A clear warning was sounded by the Republican national convention of 1996. Determined to nominate Bob Dole, a Republican elder statesman of the “moderate” variety (otherwise known as a Real Pro, the Great Insider, and One of Ours), the Grand Old Party turned its national deliberative body into a television soundstage, allowing no debate on anything. Only happy talk was permitted, and when the popular hero of the conservatives, Pat Buchanan, suddenly appeared in the convention hall, his entrance was distinctly without the permission of the tribal leaders. As Liberty’s reporter observed at the time (November 1996, p. 22), the ruling council feared that real people would have their way and nominate Buchanan. Meanwhile, the big chiefs did their best, and that was a lot, to remove all evidence of testicles from Jack Kemp, the quasi-libertarian whom they nominated for the vice presidency.
I am not saying that Pat Buchanan is a libertarian. Far from it. I am commenting on the behavior of his adversaries. Since their powwow, there hasn’t been a major-party national convention that has behaved as a deliberative body. They have all been like the First Vatican Council (1870), which was devised by Pope Pius IX as a stage set on which he could declare himself infallible. Pio Nono refused to allow the attending bishops to initiate any proposals, or even to know what their agenda was supposed to be. When some tried to protest, they found that the acoustics in the meeting room were so bad that almost nobody could understand them. When a few tried harder to protest, they were threatened with the loss of their sees. And so the invincible Pope was declared infallible.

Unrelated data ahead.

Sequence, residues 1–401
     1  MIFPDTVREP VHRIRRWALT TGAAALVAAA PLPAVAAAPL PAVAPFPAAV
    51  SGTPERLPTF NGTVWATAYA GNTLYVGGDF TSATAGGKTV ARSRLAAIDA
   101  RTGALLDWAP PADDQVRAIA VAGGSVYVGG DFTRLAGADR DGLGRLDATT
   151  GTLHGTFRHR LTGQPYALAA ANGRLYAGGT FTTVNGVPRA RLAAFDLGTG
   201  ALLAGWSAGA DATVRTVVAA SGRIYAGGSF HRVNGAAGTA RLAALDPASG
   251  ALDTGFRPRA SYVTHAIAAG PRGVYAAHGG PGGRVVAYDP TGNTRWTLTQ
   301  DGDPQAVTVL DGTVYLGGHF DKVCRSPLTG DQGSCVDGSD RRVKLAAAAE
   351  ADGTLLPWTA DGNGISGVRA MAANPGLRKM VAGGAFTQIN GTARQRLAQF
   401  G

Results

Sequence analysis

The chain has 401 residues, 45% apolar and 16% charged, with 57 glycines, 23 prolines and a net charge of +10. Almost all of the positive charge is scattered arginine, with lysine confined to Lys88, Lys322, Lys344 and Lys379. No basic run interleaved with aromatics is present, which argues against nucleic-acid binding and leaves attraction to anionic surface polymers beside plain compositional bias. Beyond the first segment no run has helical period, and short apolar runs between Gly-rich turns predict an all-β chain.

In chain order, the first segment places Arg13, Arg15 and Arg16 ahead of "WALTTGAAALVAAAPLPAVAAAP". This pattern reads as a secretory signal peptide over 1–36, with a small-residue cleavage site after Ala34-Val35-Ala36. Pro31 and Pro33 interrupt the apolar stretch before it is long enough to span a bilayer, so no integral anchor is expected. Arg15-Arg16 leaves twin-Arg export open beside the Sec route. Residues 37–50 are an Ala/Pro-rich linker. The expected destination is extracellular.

There were many strong and learned people in the church who exposed the fallacies of Pius IX’s new doctrine, but the majority of bishops were so ignorant, stupid, frightened, or greedy for power that they went right along with it. They were not a congregation; they were a tribe, subject to their tribal rulers, just as American political parties are today.
Tribalism is now a leading characteristic of our politics, and perhaps the leading one. You see it in many forms, most of which are never mentioned in the information media — another sign of the ignorance and acquiescence that are inseparable accompaniments of tribalism. Ignorance and acquiescence are fit companions for each other. Why should anyone want to know anything, if no one is prepared to act on the knowledge that he or she might acquire?
Nepotism is another salient characteristic of tribal rule. In most tribes, leadership passes almost automatically from one member of a family to another. The more frightened and ignorant people are, the more they fear diversity of character and opinion; they want to keep what they have, or something closely related to it. Hence, the ruler’s son or grandson or son-in-law will be seen as having a direct claim on power. Once the unworthy person has gained power, he will be conscious of the ability of other persons to uncover his weaknesses or wrongdoings, and he will therefore seek to govern by loyalty, not information. He will continue to trust family ties more than the ties established by a common pursuit of rational goals.
Why should anyone want to know anything, if no one is prepared to act on the knowledge that he or she might acquire?
And, of course, tribal government is intensely small-scale and personal. Where power depends on charismatic personalities, the safest and easiest method of passing it along is by an irrational association with family. The Bible tells us that Samuel, judge and prophet, tried to appoint his sons as judges — as inheritors, in his place, of the divine charisma. It is noteworthy, however, that on this occasion the people rebelled; they were aware that the sons were no good, and they acted on that knowledge, and threw them out.